Judy Chicago (American, b. 1939). The Dinner Party (Heritage Floor; detail), 1974–79. Porcelain with rainbow and gold luster, 48 x 48 x 48 ft. (14.6 x 14.6 x 14.6 m). Brooklyn Museum, Gift of the Elizabeth A. Sackler Foundation, 2002.10. © Judy Chicago. Photograph by Jook Leung Photography
b. 1852, Khristoforovka, Kazan Province, Russia; d. 1943, Moscow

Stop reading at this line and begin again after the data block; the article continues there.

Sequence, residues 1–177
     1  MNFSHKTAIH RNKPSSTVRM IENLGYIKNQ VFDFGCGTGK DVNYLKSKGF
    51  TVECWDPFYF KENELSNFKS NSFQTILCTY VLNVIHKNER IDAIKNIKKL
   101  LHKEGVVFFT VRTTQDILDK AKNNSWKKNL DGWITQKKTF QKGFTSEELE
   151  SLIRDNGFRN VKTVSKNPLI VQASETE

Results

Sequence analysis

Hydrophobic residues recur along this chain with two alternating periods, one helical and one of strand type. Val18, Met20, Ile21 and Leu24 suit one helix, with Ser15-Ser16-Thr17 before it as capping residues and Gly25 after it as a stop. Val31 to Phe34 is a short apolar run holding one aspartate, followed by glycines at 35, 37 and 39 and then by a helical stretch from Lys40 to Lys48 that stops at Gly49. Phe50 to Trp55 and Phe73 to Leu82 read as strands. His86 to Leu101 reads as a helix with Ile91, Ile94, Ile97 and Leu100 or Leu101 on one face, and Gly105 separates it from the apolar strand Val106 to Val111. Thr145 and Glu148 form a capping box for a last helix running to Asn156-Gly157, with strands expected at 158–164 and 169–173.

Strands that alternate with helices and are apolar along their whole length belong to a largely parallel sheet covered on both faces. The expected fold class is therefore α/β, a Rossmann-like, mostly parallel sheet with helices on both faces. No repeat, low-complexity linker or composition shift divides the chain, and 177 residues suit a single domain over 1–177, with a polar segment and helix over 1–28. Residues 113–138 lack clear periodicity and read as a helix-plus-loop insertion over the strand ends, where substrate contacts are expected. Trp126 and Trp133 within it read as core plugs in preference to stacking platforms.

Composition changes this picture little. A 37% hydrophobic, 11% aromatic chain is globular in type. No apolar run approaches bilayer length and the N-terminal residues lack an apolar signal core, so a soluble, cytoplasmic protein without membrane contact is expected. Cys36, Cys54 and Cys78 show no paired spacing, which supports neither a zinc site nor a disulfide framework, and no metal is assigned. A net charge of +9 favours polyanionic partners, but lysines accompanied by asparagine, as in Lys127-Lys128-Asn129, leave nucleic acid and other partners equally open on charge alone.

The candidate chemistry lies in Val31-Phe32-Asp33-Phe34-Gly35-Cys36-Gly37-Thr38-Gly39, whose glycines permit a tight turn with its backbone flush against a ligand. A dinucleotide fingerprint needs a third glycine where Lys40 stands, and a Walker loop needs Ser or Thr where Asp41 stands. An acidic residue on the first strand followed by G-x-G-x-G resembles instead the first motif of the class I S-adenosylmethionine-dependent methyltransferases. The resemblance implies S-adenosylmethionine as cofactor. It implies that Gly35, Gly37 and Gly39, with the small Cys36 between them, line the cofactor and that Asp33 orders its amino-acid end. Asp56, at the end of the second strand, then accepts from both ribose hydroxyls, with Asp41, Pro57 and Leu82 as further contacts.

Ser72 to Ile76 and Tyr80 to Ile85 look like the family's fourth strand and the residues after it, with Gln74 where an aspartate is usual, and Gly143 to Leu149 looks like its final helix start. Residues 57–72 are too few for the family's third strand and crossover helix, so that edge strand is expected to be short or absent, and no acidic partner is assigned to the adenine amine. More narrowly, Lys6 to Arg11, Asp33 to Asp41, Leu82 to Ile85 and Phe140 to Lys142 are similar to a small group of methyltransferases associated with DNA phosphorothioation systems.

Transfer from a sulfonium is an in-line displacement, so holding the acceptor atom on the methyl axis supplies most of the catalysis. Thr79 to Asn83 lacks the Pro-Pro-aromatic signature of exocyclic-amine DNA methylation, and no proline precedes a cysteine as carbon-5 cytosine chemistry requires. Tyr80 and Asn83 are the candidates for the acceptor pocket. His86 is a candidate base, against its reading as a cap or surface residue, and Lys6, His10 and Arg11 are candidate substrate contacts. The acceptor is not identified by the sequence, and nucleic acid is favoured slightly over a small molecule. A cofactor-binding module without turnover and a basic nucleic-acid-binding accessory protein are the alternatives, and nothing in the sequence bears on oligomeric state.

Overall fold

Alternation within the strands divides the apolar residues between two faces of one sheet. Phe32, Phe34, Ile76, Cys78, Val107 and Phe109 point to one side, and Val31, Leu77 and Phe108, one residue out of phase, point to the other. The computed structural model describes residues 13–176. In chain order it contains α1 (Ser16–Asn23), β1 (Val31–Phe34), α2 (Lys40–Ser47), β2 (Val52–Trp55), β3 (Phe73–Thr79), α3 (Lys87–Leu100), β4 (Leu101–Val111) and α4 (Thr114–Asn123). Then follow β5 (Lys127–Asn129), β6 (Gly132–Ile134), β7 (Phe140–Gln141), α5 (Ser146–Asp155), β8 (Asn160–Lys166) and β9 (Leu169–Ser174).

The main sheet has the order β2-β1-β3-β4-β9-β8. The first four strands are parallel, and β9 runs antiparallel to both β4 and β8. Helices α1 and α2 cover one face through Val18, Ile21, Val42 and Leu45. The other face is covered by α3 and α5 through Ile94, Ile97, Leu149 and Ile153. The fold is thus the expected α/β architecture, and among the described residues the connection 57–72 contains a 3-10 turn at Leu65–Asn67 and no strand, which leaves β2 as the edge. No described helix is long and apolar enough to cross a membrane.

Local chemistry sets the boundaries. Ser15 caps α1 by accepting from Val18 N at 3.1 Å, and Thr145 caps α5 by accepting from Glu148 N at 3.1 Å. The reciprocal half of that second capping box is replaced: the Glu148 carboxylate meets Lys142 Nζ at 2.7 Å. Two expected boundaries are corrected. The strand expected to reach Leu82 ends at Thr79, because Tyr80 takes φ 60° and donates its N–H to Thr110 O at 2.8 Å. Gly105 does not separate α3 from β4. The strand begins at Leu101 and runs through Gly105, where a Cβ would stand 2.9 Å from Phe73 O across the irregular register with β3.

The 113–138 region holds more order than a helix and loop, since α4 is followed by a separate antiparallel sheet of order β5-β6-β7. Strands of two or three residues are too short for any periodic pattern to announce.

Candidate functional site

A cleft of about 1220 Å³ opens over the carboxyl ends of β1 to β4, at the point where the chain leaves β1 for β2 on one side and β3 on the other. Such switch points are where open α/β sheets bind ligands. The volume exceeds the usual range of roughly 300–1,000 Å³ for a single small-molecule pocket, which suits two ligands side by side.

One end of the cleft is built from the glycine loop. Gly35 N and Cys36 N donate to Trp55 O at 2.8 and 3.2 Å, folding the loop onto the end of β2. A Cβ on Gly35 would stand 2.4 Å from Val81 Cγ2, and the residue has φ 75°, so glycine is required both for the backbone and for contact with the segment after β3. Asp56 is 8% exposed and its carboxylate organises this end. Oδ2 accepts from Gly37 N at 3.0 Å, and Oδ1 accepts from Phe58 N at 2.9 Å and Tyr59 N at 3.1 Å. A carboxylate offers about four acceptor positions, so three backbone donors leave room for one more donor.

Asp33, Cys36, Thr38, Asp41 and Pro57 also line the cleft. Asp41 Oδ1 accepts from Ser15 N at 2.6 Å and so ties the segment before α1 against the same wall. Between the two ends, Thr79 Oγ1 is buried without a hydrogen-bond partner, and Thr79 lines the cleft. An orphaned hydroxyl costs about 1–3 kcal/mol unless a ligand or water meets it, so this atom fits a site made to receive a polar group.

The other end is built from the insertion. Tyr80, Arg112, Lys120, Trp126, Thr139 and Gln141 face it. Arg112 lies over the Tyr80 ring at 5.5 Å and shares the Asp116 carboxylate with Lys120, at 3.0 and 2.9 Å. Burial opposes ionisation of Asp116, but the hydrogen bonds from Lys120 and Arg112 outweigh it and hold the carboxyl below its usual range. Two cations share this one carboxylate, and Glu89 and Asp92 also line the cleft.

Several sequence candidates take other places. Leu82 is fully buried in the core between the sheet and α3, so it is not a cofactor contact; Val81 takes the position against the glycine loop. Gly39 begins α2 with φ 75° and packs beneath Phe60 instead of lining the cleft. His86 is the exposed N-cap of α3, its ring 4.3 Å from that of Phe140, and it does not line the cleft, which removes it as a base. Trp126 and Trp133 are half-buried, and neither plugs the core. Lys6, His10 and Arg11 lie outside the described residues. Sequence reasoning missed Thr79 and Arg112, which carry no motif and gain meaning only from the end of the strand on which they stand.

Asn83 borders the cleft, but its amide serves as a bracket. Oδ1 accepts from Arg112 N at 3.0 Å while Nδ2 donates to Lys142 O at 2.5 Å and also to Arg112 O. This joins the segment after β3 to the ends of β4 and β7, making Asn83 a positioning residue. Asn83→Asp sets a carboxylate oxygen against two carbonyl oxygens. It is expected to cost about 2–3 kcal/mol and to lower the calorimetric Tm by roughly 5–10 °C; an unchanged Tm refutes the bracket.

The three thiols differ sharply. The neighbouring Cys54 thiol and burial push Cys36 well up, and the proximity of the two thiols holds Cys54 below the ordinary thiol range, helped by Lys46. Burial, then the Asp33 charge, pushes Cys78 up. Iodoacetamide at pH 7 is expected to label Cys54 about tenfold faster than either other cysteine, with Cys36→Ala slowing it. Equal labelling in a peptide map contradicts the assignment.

Vera Figner, Russian medical aide and revolutionary socialist, was an activist for the poor and disadvantaged classes of her homeland. She became a leader of Narodnaya Volya (the People's Will), a revolutionary socialist organization which aimed to depose the state regime through terrorism. Figner was involved in the planning of several terrorist acts, including the assassination of Czar Alexander II in 1881. After decades of imprisonment and exile, she returned to Russia in 1915 and dedicated herself to writing. Her published works include numerous articles on the history of the Russian revolutionary movement in the 1870s–80s and several biographies of comrades. Her own Memoirs of a Revolutionist, published after the 1917 Revolution, made her famous worldwide.
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